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September 07, 1979 - Image 138

Resource type:
The Michigan Daily, 1979-09-07

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Page 10-B-Friday, September 7, 1979-The Michigan Daily
ABC juggles

r ..,a.i

TV lineup

An AP Sports Analysis.
OK, students. Time for our weekly
television quiz:
Who will be doing college football this
(a) ABC, (b) ESPN, (c) Chris
Schenkel, (d) Woody Hayes.
If you answered the first two, you
deserve a varsity letter.
ABC, THE network with the roving
eye for top-rated cheerleaders, will be
doing the NCAA's glamour games for
the 14th straight season. ABC gets first
For more sports, see pages 12-13b
crack at the major college games and
will be doing 13 national broadcasts and
45 regional telecasts live on Saturday.
ESPN, the Entertainment and Sports
Programming Network, has a hand in
the college game for the first time.
ESPN will get ABC's leftovers and will
be doing those games at odd hours
throughout the rest of the weekend.
ESPN, a distributor of sports events for
cable TV, plans to have 24 hours of
sports by Jan. 1, 1980, reaching a poten-
tial audience of five million homes. This
weekend, for example, ESPN plans
taped broadcasts of four college games,
including Chuck Fairbanks and
Colorado against Oregon at 1:30 a.m.
EDT and7:30.p.m. Sunday.
Schenkel, a fixture on ABC's college
football telecasts since 1966, has been
dropped from the squad. He will be
sharing the dollege Football
Scoreboard assignment with Dave
Diles, and he's not at all happy about
the demotion. But the move was

SCHENKEL IS from the "gee-whiz''
school of journalism, and the broad-
casting game seemed to have passed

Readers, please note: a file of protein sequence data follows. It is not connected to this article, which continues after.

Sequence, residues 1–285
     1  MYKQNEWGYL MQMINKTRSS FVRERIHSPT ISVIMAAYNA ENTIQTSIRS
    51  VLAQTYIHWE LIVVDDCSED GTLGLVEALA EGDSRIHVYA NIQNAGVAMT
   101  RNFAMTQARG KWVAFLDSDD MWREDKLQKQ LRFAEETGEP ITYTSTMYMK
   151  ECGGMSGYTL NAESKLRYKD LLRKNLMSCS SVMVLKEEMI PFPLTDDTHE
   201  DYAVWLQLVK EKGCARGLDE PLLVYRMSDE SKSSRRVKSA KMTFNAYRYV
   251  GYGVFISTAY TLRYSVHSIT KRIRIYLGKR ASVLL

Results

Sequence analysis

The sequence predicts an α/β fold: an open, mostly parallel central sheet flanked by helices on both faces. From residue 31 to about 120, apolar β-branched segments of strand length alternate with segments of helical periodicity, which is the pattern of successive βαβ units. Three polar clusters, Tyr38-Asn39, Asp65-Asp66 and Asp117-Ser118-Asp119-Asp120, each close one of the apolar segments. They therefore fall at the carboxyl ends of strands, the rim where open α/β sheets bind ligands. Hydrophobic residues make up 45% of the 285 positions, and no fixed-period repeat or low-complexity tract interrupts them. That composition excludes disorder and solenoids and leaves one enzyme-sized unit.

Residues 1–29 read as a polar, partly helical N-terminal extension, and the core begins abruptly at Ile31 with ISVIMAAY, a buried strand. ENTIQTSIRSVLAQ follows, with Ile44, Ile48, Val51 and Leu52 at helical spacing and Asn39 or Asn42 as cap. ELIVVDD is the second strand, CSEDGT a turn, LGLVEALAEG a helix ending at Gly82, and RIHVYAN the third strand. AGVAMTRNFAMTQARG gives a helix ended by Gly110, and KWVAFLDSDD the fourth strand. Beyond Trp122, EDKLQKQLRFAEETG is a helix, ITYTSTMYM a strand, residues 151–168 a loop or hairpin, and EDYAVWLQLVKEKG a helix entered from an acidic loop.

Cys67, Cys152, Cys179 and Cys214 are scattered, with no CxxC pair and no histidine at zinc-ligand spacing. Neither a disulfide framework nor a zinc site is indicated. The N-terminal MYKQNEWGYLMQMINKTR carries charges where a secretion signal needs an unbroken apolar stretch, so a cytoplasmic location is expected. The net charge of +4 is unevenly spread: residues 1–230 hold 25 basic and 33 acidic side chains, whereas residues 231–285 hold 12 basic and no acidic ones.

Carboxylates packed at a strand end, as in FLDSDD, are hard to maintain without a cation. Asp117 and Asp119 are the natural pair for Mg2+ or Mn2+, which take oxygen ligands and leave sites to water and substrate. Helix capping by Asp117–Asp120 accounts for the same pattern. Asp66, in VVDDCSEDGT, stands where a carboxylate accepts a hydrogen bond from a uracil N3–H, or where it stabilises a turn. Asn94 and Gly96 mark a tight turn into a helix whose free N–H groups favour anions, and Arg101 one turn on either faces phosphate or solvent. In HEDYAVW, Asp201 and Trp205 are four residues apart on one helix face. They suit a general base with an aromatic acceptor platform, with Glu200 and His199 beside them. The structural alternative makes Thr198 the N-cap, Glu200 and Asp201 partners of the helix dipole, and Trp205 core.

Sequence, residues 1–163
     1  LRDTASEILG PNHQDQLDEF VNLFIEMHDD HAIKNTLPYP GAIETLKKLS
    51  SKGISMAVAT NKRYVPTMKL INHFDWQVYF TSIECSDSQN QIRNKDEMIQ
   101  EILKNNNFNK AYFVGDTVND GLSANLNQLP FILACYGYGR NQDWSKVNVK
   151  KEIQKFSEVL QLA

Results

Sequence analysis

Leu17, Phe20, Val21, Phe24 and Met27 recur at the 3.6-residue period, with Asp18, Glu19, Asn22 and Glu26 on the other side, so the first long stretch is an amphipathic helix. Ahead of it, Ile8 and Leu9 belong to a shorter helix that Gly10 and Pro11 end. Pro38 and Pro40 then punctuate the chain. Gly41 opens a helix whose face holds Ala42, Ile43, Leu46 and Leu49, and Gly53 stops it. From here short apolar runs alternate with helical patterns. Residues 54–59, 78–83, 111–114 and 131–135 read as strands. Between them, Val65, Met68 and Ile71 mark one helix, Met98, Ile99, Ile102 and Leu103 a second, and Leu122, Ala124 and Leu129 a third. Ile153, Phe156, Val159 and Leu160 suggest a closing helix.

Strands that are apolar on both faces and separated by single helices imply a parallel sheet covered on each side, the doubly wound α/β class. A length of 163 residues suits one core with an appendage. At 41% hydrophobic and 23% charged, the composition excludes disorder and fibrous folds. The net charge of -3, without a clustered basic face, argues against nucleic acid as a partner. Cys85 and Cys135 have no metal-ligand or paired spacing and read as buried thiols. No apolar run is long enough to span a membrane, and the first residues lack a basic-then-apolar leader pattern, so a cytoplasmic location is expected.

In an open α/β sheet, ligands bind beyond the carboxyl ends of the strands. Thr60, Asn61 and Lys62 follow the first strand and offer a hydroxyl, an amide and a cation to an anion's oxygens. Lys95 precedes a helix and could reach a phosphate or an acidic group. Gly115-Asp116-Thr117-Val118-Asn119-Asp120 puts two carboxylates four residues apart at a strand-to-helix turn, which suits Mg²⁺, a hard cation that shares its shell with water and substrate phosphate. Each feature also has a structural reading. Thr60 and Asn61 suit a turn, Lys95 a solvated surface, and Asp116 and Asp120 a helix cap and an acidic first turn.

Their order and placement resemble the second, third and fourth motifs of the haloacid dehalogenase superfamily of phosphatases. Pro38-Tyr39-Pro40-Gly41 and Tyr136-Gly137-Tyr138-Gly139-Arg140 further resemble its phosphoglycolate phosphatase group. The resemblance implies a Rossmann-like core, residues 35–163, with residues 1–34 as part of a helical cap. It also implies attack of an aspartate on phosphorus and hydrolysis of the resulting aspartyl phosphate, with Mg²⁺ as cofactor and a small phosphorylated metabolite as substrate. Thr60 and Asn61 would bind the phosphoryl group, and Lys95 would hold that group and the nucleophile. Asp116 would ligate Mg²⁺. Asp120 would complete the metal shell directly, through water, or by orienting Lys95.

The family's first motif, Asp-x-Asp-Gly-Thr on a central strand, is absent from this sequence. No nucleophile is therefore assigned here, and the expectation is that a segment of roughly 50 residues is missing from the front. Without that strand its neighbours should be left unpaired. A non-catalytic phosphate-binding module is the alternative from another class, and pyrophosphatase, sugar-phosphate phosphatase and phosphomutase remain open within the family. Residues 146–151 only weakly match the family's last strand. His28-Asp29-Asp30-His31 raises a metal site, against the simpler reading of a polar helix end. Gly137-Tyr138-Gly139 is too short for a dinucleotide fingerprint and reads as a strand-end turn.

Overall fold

him by. While today's best announcers
can honestly critique a bad performan-
ce, Schenkel was much more at home
calling every player a credit to his
school, family and country and com-
menting on the caliber of ABC's
"honey" cheerleader shots.
Woody Hayes, longtime coach at Ohio
State, won't be on the college scene
either. The irascible Hayes was fired
last Dec. 29 for punching Clemson
player Charlie Bauman, who had had
the audacity to intercept an Ohio State
pass late in the Gator Bowl game.
That infamous interception and pun-
ch in Jacksonville, Fla., caused
numerous problems for ABC's main
play-by-play announcer, Keith
Jackson. He was bombarded with
charges of covering up the incident
because he never mentioned it on the
JACKSON, WHO says he never did
get along with Hayes, explained that
the crowd of players, coaches and
hangers-on cluttering the Ohio State
sideline obscured his view of the punch.
He never saw it on the field and couldn't
see it on replay on his monitor, either.
The replay camera on the ball was
turned off as soon as Bauman went out
of bounds. And even though the punch
was clearly seen live by the viewers at
home, the play couldn't be shown again
because ABC traditionally blacks out
the local area, so there was no network
feed back to Jacksonville. With only one
minute left in the game, there wasn't